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Old 05-18-2005, 08:01 PM   #15
Mike Sigman
Location: Durango, CO
Join Date: Feb 2005
Posts: 4,123
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Re: Ueshiba + Chin-Na?

Quote:
Ellis Amdur wrote:
Mike - The basic joint lock are, to me, not rocket science. I bet some were due to influence from abroad, and some home-grown. There's some evidence that some of the catch wrestling locks, alleged to have developed independently, were actually "stolen" in the early 20th century from jujutsu practitioners, so it's certainly believable. But I think it's far more likely that the real Chinese influence is transfer of knowledge of the soft martial arts. (Notice I'm coming around to your opinion). NOT - Ueshiba. I'm increasingly of the belief that there were some contacts with Chinese, both mainland and in Nagasaki in the 1600 and 1700's, and that they left a quiet substrate in some jujutsu schools, quite different from the more rough and straightforward jujutsu that is mainstream.
Er.... actually, I think that proper joint-locks really do form a science of sorts. There are general theories that it helps every practitioner to know.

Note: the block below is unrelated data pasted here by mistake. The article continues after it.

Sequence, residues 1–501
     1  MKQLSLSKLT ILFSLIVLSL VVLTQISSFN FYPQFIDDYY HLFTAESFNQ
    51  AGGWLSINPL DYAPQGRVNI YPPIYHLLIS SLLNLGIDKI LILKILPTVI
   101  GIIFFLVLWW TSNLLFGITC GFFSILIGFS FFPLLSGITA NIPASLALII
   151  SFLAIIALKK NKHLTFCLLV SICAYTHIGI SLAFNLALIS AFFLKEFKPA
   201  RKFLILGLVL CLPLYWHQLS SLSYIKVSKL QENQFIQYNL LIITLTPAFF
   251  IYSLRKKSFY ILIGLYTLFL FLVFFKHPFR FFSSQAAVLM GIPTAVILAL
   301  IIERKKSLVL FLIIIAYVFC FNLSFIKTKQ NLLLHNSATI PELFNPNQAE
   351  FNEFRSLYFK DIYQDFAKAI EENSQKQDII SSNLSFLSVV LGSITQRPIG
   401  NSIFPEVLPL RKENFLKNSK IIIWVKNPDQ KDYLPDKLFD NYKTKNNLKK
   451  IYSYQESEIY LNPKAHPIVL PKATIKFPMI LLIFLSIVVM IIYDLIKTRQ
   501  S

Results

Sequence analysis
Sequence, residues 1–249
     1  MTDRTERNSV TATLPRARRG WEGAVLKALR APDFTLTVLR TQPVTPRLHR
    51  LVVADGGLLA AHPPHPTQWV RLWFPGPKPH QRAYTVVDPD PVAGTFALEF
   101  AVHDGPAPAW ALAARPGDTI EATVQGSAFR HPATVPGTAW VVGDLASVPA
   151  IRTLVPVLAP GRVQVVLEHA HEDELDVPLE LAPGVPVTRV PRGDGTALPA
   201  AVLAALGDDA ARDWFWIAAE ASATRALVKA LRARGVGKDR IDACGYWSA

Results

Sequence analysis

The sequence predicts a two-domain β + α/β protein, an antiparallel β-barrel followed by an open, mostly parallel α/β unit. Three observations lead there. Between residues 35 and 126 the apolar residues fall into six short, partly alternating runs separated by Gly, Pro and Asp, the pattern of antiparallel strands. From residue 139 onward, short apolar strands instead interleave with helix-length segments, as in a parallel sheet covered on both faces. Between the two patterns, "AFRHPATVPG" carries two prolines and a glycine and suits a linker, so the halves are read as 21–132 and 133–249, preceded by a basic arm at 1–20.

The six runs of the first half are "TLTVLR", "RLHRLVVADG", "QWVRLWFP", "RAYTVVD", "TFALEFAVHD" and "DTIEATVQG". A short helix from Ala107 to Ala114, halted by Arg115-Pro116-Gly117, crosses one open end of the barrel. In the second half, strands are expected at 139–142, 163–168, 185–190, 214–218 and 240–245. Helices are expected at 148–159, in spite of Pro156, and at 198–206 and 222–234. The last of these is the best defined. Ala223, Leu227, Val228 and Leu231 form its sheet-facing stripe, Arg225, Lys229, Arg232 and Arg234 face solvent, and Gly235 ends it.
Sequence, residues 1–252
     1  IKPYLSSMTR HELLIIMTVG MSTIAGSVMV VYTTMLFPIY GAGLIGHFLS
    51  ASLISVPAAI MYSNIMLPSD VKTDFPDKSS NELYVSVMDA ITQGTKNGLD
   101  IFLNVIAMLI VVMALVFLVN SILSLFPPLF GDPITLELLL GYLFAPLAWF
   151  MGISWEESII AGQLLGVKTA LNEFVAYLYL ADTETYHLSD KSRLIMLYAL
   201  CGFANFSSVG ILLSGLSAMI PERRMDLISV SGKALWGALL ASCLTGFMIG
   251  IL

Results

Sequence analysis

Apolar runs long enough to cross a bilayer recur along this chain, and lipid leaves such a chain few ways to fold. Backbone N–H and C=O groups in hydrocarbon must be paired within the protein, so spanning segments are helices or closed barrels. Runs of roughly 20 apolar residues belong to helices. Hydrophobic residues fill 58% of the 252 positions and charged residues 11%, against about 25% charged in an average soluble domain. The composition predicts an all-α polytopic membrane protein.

If you look at just techniques, I don't think you'll find a number of joint locks like those that are shared by Japan and China in other places in the world. The "Nikyo" series (if you'll allow me to coin a phrase) is seen by both China and Japan as an approach to a joint, not necessarily a "technique", which seems to be what you're discussing. I'm trying to say something more in a big picture way... and if both countries share the same big picture, it must be due to more than just casual happenstance. For both China and Japan to have a formulated approach to joint attacks with a related series that is the same is not good for the "quiet substrate" theory, IMO. Worse yet, and this is where I would actually make my argument, the whole theory of joint locks is shared by higher-level Japanese and Chinese martial artists. To get a pertinent-to-Aikido look at this theory, I'd recommend you buy (actually, this book is a must-have, IMO, for every martial artist) "PRACTICAL CHIN NA" by Zhao Da Yuan. Once you grasp how joint-locks are viewed as a whole, then go look in Shioda's book (there are other Japanese books, I'm told, but they're not translated) and watch for the places where he discusses the theories of joint-locks. It's the same big-picture approach. Those are not the quiet substrates of casual cultural contact, insofar as I can see.

But, whatever. I think we agree generally.... we're just arguing specifics.

Mike
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